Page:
Theatre commands and interoperability—the latest catchwords at the Ministry of Defence (MoD)—represent India’s effort to reorganise its armed forces and synergise the combat potential of the Indian Army, the Indian Navy (IN) and the Indian Air Force (IAF).
The MoD plans to replace the separate commands of the three arms with unified theatre commands based on the geographical fronts the forces operate in. The existing assets of all three services in a particular theatre would then be controlled by a single operational commander. One of the many positives of integrating personnel in theatre commands in this manner would be the diversion of funds to the modernisation of weapon systems and capabilities.
Integrated theatre commands, part of the country’s long-delayed military reforms, were fleshed out last year when General Bipin Rawat became India’s first Chief of Defence Staff (CDS) with a separate Department of Military Affairs (DMA) in the MoD under him. Rawat is tasked with establishing the new command structures by the end of next year when the army’s seven single service commands are to be merged with the seven air force commands and three navy commands to form six or seven joint-service commands.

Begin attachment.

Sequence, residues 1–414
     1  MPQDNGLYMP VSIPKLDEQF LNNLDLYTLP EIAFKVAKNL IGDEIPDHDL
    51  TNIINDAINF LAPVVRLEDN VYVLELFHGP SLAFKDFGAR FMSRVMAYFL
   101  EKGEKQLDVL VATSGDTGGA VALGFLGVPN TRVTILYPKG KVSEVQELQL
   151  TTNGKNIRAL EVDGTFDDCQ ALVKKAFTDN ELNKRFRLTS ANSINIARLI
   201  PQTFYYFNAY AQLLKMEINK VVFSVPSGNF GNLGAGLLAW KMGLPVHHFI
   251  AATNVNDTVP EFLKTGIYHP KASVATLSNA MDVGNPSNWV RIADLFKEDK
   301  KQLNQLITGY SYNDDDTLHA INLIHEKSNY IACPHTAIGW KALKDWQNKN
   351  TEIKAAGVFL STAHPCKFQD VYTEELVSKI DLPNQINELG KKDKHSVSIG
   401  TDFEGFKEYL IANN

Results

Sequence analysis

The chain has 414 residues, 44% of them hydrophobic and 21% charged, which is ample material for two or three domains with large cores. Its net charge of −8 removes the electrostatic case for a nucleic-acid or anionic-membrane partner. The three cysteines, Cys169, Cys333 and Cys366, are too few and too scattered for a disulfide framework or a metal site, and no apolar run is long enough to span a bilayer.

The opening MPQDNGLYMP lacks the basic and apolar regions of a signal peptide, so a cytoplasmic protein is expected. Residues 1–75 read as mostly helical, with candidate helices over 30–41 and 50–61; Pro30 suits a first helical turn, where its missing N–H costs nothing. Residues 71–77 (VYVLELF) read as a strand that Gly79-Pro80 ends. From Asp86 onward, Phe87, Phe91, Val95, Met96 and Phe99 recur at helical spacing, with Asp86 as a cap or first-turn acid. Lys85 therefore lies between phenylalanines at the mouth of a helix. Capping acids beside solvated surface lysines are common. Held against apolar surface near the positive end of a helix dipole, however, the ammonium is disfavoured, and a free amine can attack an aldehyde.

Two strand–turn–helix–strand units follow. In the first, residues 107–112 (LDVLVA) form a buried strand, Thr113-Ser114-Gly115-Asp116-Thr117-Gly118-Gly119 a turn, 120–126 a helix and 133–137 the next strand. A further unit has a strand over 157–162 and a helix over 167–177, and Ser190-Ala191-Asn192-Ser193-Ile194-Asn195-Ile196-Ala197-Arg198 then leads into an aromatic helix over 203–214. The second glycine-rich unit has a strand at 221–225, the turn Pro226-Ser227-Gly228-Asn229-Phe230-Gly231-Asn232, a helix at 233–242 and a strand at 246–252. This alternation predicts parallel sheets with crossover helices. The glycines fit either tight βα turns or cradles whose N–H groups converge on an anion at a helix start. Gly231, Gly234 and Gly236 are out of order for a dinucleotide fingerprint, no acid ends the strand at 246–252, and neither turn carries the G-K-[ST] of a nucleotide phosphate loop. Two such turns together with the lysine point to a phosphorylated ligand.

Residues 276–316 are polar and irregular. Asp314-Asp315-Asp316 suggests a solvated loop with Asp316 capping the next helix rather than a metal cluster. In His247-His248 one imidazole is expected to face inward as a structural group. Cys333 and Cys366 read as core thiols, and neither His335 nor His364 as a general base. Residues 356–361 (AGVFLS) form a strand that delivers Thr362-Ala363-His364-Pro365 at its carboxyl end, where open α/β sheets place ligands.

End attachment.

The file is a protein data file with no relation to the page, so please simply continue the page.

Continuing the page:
The Army commands, which will have elements of the other services,include the northern command headquartered in Lucknow (guarding the 3,500 kilometres of the Line of Actual Control with China), the western command based out of Jaipur (whose area of responsibility runs from the Siachen Glacier region to the tip of Gujarat) and the peninsular command headquartered in Thiruvanantapuram.
A national Air Defence Command (ADC) managed by the IAF will be based in Allahabad and a Maritime Theatre Command (MTC) —formed by merging the Navy’s eastern and western commands—will operate out of Karwar, in Karnataka.